Blog on the Run: Reloaded

Monday, September 6, 2010 7:47 pm

Oh, please, oh, please …

Could Bank of America executives finally, finally be in the path of the kharma bus? It seems almost too much to hope for …

A federal judge yesterday allowed Ohio pension systems to proceed with their legal claims that Bank of America paid billions of dollars in bonuses to executives of a firm it was absorbing without informing shareholders, Ohio Attorney General Richard Cordray said.

U.S. District Judge P. Kevin Castel denied motions by Bank of America and Merrill Lynch, which the banking giant acquired in September 2008 amid the financial crisis, to dismiss the state’s lawsuit against the companies and their executives.

Ohio’s pension funds claim that the companies committed securities fraud and issued false proxy statements by issuing $5.8 billion in accelerated year-end bonuses to executives and employees and failed to disclose that information to shareholders before they agreed to allow the companies to merge.

Specifically, the court indicated that the following claims could proceed:

  • Securities fraud claims against Bank of America, Merrill Lynch and their respective CEOs, Ken Lewis and John Thain, for alleged misstatements related to the failure to disclose the agreement to pay up to $5.8 billion in discretionary bonuses, and against Ken Lewis and Bank of America for alleged omissions related to the bonus arrangement.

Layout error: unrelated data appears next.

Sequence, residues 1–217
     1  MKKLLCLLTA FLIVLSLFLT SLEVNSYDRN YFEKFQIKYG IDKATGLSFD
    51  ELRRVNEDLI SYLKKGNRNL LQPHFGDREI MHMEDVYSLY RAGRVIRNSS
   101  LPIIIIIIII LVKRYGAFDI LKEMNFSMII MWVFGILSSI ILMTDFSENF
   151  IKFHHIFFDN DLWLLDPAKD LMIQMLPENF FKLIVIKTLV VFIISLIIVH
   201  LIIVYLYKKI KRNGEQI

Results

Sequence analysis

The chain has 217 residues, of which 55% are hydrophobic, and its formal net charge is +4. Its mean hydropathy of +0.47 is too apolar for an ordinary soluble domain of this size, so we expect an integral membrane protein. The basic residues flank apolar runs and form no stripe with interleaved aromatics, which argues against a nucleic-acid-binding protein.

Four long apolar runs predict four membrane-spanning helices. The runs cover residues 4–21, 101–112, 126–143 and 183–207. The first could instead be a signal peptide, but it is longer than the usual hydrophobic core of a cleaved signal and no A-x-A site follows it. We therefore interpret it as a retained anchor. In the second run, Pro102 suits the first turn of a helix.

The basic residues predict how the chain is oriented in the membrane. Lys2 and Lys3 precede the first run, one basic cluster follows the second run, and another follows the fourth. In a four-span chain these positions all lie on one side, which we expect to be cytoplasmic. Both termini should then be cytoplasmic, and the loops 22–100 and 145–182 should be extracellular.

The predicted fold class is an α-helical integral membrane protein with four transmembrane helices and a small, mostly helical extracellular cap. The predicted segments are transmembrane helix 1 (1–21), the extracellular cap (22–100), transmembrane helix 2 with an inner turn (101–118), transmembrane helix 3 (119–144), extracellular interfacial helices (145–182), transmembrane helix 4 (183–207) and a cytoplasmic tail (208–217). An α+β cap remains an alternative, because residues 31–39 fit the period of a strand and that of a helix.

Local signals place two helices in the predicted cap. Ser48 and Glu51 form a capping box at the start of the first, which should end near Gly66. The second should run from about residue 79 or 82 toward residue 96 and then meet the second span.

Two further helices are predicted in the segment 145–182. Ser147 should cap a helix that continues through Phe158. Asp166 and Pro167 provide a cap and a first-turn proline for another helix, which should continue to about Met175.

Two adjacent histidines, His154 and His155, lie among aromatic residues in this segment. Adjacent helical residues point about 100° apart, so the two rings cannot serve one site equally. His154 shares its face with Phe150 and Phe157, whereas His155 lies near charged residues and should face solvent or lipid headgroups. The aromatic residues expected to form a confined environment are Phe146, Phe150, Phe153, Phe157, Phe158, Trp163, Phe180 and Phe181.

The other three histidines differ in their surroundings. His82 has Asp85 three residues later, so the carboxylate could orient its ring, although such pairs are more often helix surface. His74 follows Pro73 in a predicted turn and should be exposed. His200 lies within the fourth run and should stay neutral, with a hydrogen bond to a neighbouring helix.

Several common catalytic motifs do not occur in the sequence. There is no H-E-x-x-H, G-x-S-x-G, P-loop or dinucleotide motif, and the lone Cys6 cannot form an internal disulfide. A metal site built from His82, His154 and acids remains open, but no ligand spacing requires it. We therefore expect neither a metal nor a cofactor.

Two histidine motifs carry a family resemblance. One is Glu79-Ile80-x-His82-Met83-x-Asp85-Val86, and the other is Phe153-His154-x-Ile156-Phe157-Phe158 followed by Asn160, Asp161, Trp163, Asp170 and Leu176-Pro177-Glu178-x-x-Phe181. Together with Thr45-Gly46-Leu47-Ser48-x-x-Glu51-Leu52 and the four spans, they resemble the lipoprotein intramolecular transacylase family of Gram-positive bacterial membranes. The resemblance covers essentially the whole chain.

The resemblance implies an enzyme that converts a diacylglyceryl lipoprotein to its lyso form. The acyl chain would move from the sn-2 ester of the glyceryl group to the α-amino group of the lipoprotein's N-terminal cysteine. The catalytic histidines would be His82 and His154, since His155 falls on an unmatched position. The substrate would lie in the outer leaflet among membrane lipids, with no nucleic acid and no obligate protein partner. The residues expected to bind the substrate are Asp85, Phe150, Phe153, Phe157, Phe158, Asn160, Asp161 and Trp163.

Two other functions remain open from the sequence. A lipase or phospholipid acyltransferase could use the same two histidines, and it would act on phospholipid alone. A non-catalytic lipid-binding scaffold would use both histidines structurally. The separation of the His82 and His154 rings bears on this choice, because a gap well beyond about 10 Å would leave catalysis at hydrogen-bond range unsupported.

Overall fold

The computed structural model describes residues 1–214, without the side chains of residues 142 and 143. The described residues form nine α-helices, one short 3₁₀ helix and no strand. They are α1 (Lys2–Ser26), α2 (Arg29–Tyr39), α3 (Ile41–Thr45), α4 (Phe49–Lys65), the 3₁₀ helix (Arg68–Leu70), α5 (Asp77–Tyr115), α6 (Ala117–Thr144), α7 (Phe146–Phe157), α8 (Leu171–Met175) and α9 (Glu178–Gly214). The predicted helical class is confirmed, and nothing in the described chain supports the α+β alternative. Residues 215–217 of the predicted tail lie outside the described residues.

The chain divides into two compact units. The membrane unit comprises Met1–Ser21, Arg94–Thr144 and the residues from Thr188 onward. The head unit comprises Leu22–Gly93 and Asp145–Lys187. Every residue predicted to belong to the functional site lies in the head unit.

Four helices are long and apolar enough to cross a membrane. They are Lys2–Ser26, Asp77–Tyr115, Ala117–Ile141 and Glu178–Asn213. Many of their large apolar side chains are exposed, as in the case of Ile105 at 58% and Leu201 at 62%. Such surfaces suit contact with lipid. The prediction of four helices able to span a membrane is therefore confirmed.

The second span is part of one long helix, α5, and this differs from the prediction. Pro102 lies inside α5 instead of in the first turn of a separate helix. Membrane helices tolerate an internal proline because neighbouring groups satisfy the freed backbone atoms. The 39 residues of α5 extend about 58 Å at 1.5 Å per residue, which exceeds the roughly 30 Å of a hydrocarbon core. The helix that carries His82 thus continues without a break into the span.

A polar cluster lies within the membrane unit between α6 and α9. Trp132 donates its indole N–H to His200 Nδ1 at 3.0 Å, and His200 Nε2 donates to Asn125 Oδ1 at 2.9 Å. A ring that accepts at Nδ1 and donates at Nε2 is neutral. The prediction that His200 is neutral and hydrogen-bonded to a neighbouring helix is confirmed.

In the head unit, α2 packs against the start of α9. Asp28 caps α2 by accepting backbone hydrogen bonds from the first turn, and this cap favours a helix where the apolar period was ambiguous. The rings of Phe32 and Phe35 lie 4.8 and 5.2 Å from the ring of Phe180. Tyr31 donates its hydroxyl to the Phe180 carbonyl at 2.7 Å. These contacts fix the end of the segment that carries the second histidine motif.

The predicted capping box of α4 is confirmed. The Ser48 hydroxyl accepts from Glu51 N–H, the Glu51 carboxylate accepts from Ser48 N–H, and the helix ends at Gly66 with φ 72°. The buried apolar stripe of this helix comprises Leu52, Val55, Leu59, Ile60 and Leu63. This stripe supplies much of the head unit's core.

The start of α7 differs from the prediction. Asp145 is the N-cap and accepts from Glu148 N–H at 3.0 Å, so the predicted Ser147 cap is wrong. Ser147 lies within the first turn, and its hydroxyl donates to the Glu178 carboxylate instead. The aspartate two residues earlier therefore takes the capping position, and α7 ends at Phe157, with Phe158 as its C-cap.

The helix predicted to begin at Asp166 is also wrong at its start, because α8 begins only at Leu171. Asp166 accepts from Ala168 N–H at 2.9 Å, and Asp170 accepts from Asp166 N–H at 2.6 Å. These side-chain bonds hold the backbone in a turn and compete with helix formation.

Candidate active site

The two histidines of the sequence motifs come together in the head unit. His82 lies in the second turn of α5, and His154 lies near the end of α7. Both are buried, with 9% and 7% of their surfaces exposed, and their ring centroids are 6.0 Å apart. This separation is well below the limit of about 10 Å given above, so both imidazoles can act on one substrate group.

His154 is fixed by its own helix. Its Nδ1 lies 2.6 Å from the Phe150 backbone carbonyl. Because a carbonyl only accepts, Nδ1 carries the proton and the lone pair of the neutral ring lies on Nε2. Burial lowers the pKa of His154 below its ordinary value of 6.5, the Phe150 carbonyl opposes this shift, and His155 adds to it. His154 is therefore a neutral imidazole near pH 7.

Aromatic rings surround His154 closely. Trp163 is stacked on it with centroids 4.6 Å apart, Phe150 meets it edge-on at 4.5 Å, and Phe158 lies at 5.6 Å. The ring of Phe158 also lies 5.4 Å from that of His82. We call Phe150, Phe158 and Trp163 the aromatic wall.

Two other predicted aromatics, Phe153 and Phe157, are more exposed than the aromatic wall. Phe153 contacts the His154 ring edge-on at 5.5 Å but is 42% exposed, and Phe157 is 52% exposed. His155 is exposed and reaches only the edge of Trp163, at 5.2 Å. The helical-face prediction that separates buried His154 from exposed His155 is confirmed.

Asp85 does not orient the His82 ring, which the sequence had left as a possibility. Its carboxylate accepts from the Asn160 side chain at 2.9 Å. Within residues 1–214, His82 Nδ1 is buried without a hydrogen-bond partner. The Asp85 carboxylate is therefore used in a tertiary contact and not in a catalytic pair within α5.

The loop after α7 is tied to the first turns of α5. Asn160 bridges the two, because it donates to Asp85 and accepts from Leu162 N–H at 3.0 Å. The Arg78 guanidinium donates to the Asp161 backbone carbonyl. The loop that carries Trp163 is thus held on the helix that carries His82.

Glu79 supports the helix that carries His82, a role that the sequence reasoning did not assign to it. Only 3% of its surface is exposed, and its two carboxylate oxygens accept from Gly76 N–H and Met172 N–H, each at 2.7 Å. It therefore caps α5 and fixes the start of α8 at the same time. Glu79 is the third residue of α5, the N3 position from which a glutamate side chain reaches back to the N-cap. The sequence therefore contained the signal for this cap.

• False proxy statement claims against Ken Lewis, John Thain, Bank of America, Merrill Lynch and certain Bank of America directors about the bonus arrangement.
  • False proxy statement claims against all defendants arising out of their failure to disclose Merrill’s fourth quarter 2008 losses.
  • Liability claims against certain officers and directors for issues under their control.
  • Claims relating to false offering statements that misstated or omitted Merrill’s bonus payments.

The district court dismissed certain securities fraud claims, including claims relating to the failure to disclose Merrill Lynch’s fourth quarter 2008 losses.

Cordray said he was very pleased with the ruling and that the language upholding the false proxy statement claims is particularly helpful. “In the order, Judge Castel held that liability under the false proxy statement claims in this case could be imposed if negligence is shown. He squarely rejected the defendants’ position that the lead plaintiffs must make a more stringent showing of ‘scienter’ — knowing or reckless intent to deceive or defraud. We are looking forward to developing evidence against the defendants under this negligence standard,” Cordray stated.

I, meanwhile, am looking forward, perhaps in vain, to the stripping of billions in assets from BoA officers and directors, followed, perhaps, by indictments. Hey, a guy can dream.


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